Steve Schwartzman

          July 31, 2015 at 2:16 PM

  3. Well done! The curving raceme provides a very nice composition.


    July 31, 2015 at 7:26 AM

  4. Very pretty


    July 31, 2015 at 9:09 AM

  5. Beautifully graceful and delicate arc.

    Birder's Journey

    July 31, 2015 at 10:42 AM

  6. It’s always a treat to come across some rebellious individuals in a meadow. Marching to the beat of a different summer.

    Steve Gingold

    July 31, 2015 at 12:02 PM

  7. Wild and beautiful flower


    July 31, 2015 at 12:11 PM

  8. Lovely shot

    Raewyn's Photos

    July 31, 2015 at 2:52 PM

  9. I read the answers to the math problem without much comprehension but I would like to say you have some smart r/weeders on your blog.


    August 1, 2015 at 5:50 AM

    • You’ve reminded me of the so-called three Rs: reading, writing, and ‘rithmetic. The latter part of your comment makes clear that that’s the order in which you prefer them. (The arithmetic comes in a distant third; I’m assuming your preference for reading over writing, but I could be wrong).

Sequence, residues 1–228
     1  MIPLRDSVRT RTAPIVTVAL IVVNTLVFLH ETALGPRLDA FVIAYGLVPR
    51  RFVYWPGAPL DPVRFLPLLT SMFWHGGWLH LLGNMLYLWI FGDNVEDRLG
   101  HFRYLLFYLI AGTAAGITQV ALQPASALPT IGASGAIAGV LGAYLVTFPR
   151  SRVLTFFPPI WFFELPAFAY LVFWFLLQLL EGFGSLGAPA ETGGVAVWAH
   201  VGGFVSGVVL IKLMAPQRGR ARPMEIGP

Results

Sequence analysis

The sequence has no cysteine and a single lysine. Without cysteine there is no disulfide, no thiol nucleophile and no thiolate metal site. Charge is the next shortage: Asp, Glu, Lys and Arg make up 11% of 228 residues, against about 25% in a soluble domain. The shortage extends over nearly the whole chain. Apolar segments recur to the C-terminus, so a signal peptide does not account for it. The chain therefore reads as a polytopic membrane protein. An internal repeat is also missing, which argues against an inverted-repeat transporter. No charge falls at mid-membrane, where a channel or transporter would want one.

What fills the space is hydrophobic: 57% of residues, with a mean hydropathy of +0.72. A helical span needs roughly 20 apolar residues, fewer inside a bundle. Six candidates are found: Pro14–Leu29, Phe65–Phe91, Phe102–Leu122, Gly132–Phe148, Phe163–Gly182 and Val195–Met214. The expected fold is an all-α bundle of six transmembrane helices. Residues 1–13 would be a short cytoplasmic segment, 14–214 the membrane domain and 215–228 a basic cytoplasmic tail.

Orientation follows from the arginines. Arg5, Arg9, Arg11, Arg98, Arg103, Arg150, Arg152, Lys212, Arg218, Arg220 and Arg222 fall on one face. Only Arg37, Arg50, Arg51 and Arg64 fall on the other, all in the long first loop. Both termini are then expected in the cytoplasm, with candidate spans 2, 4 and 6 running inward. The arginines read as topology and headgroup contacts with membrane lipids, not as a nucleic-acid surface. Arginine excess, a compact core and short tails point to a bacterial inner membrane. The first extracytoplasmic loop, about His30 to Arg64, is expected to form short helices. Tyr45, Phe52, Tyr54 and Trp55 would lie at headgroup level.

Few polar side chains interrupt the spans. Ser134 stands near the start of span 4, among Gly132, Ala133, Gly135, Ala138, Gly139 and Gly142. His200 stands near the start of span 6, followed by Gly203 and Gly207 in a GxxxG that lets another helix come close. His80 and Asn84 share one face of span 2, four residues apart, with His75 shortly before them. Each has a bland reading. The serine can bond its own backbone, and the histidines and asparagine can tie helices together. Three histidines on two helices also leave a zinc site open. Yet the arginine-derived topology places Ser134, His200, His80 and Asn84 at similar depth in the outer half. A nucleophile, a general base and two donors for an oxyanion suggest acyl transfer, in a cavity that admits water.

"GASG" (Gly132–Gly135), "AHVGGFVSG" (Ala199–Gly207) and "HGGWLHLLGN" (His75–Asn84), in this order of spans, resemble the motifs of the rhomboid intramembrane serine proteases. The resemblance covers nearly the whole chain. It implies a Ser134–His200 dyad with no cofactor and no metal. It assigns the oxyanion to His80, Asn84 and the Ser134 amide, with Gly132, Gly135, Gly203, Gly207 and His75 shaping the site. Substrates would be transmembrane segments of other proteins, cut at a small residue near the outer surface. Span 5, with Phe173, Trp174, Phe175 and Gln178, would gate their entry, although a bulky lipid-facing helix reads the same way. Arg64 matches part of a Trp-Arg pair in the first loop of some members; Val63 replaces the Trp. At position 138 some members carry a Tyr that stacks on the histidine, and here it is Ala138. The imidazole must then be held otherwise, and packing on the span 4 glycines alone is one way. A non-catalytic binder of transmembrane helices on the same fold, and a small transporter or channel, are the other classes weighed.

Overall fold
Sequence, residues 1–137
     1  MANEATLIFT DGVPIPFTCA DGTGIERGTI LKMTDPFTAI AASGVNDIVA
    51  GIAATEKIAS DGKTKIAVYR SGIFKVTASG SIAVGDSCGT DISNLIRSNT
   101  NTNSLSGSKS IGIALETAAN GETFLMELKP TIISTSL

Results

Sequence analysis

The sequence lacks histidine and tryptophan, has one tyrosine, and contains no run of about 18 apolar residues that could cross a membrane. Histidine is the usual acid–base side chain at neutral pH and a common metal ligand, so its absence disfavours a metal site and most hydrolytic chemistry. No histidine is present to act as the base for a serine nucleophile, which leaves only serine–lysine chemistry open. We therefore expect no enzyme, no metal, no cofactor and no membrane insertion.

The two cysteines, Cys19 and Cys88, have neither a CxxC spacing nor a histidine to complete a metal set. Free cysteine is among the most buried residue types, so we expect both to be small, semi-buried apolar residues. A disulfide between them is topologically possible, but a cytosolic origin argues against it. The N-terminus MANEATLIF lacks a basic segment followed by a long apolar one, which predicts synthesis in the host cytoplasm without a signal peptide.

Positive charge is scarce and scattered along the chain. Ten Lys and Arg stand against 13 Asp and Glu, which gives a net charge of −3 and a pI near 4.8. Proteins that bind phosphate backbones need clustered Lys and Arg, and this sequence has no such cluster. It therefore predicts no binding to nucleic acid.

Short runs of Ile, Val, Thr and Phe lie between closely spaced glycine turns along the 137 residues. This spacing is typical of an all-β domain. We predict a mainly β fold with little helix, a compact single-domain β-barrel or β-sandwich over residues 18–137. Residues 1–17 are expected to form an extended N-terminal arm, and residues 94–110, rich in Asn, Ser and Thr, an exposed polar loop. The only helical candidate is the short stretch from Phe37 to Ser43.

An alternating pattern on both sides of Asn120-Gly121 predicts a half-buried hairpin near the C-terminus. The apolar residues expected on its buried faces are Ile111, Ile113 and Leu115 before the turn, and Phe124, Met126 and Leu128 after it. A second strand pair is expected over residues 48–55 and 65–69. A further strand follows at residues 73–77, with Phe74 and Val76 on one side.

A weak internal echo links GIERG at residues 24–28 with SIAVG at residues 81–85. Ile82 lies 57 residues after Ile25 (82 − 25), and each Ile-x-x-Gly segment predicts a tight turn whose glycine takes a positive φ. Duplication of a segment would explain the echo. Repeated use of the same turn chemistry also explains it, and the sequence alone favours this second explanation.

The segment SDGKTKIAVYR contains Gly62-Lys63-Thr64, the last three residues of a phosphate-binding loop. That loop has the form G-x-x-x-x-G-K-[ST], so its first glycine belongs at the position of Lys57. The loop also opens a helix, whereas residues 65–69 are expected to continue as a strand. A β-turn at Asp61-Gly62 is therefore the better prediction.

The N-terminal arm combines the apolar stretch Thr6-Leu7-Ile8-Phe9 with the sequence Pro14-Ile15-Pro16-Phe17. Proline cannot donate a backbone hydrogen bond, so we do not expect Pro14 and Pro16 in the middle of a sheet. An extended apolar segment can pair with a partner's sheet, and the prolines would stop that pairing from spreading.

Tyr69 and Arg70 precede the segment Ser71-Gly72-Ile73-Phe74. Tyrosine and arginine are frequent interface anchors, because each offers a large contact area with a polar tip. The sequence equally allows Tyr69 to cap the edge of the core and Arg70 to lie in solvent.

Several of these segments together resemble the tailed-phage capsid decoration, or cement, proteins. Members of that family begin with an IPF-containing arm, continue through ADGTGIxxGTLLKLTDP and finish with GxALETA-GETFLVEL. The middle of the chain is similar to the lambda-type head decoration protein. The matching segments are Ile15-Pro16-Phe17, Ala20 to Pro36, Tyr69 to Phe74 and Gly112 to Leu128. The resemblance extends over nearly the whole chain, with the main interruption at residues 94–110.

Steve Schwartzman

      August 1, 2015 at 6:58 AM

      • You could be right!


        August 1, 2015 at 7:11 AM

        • And now you’ve reminded me of a passage from Alice’s Adventures in Wonderland that plays off the three Rs:

          `Once,’ said the Mock Turtle at last, with a deep sigh, `I was a real Turtle.’

          These words were followed by a very long silence, broken only by an occasional exclamation of `Hjckrrh!’ from the Gryphon, and the constant heavy sobbing of the Mock Turtle. Alice was very nearly getting up and saying, `Thank you, sir, for your interesting story,’ but she could not help thinking there must be more to come, so she sat still and said nothing.

          `When we were little,’ the Mock Turtle went on at last, more calmly, though still sobbing a little now and then, `we went to school in the sea. The master was an old Turtle–we used to call him Tortoise–‘

          `Why did you call him Tortoise, if he wasn’t one?’ Alice asked.

          `We called him Tortoise because he taught us,’ said the Mock Turtle angrily: `really you are very dull!’

          `You ought to be ashamed of yourself for asking such a simple question,’ added the Gryphon; and then they both sat silent and looked at poor Alice, who felt ready to sink into the earth. At last the Gryphon said to the Mock Turtle, `Drive on, old fellow! Don’t be all day about it!’ and he went on in these words: